Going north from there, the Hart-Montague Trail runs through the towns of Rothbury, New Era, Shelby and Mears, and ends in Hart. "What's interesting is there are lots of nice towns along the way," says Yauk. "So there are short stops. You can go town-to-town, relax, and take advantage of what they offer. The towns along the way have really embraced the trail. It's a big draw for the region."

"Any kind of business that offers trail-user needs—restaurants, pharmacies, gift shops, camping, hotels—they all benefit because it gives people another reason to stay in the area," says Krupiarz. "There are lots of attractions in the area and the trail takes a whole other day. A lot of people will stay just to get that experience."

About mid-trail, New Era has one not-to-miss stop: Country Dairy, an ice cream shop offering funky homemade flavors like Hoofprints and Udder Nutsense. Visitors can pet calves, watch cows being milked, tour the bottling plant and learn all they ever wanted to know about dairy farming at the company's Moo School. For more culinary pleasures, the town's Trailside Restaurant, known for its roast turkey, mashed potatoes and homemade gravy, is the type of place where you can grab a blue-plate lunch special for less than the cost of a big-city grande latte.

In Montague's Ellenwood Park (across the street from the trail), the world's largest weathervane at 48 feet tall is visible for miles. At its top sits a replica of the Ella Ellenwood, a schooner that ran aground in Lake Michigan in 1901. The trail parallels Great Lake, and is never more than a few miles from its eastern shore. Lined with soft, sandy beaches, the region is known as the country's Third Coast. About five miles west of the trail's northern end, Silver Lake State Park on Lake Michigan is worth a side trip. The massive sand dunes in the 2,000-acre park cover what was once a white pine forest used by the area's burgeoning lumber industry in the 1800s. Beachcombers frequently find "petrified lightning" here, natural glass tubes formed when lightening strikes and melts the sand.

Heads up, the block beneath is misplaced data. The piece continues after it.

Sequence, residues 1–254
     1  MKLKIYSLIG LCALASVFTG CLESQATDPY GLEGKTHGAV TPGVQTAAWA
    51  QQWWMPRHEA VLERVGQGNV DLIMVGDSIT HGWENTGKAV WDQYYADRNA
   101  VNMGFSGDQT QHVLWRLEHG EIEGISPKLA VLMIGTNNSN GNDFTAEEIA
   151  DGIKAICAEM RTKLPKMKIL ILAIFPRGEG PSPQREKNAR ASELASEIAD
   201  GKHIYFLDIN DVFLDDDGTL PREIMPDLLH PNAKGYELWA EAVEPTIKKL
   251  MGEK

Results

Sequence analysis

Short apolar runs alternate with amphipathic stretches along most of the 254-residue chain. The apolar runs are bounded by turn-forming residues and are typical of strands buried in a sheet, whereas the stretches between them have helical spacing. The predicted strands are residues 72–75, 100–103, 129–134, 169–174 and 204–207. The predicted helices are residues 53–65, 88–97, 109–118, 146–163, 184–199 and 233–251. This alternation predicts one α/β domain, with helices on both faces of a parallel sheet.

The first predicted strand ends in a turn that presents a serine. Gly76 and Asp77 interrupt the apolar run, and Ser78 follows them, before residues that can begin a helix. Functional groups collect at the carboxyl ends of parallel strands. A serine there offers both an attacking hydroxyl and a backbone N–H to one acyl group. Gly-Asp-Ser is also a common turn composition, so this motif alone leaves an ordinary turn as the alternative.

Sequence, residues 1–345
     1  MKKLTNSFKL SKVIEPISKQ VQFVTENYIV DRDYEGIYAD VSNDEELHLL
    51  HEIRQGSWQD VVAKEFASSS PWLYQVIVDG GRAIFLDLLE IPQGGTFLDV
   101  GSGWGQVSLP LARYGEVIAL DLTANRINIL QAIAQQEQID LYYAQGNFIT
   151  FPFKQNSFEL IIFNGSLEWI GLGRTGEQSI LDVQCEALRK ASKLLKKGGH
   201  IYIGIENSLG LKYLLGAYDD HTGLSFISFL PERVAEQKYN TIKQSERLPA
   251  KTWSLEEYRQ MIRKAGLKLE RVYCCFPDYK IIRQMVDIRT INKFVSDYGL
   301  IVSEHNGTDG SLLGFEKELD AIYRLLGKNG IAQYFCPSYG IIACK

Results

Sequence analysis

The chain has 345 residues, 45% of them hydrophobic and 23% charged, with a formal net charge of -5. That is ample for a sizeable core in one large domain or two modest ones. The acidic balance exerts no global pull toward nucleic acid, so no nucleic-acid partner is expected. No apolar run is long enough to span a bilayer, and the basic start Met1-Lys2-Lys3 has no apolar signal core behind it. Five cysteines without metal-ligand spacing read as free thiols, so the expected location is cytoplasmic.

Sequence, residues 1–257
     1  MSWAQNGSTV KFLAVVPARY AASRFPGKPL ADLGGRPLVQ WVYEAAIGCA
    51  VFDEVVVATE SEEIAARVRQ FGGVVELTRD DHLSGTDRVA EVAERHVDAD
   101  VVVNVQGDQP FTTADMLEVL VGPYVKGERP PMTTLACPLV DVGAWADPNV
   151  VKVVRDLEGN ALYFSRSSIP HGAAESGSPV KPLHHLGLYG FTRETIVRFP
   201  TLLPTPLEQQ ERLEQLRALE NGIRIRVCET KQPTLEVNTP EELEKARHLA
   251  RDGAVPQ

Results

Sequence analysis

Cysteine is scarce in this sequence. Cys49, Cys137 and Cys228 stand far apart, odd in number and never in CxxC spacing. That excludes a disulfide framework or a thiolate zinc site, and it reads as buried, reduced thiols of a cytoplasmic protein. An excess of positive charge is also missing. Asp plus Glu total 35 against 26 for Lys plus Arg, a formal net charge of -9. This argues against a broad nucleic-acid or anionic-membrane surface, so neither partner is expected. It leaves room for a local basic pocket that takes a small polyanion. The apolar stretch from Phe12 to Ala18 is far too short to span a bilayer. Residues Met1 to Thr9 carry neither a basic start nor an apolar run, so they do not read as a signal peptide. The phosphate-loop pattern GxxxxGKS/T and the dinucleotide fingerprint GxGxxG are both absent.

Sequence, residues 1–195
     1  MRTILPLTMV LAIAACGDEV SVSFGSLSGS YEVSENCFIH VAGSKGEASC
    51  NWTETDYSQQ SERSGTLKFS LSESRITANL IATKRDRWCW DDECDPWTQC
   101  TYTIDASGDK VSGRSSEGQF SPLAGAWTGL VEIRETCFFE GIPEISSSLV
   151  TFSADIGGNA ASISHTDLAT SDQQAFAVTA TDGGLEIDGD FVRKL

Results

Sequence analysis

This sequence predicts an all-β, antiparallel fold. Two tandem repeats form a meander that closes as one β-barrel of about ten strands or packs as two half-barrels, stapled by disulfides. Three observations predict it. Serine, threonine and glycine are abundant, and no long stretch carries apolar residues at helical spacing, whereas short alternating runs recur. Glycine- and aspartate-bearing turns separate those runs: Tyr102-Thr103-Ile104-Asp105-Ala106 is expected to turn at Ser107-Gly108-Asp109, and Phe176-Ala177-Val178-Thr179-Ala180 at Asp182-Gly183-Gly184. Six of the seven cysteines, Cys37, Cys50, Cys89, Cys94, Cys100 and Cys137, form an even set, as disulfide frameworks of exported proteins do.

With its many attractions, the trail is well-loved and well-used. "Families are embracing the trail and outdoor recreation," says Amy VanLoon, executive director of the White Lake Area Chamber of Commerce and Visitors Bureau. "Families come in droves with bikes."

It is hoped that repaving work will begin next year along the entire route, and the trail's width will also be expanded. Mikkelsen, who recently retired and does maintenance on the trail ("for fishing trip money"), says his favorite thing about the trail is how positively people react to it. "Even though it has bumps and cracks and needs repaving badly, trail users are always complimentary," he says. "When I'm out leaf-blowing or mowing along the trail, I get a lot of thumbs-ups as the bicyclists go by."

Long-range plans call for hooking the trail into a network that will reach all the way to Grand Rapids, the state's second largest city. Through a series of connections from the Hart-Montague Trail's southern end—from White Lake Pathway to the Fred Meijer Berry Junction Trail to the Musketawa Trail—that goal is almost attainable now. Only 10 miles lie between the southern end of the Musketawa Trail and the city.

Although Field passed away in 2005, the growing legacy of the rail-trail—his field of dreams—remains for generations. If Field were alive today, Mikkelsen says, "He would still be out there enjoying it."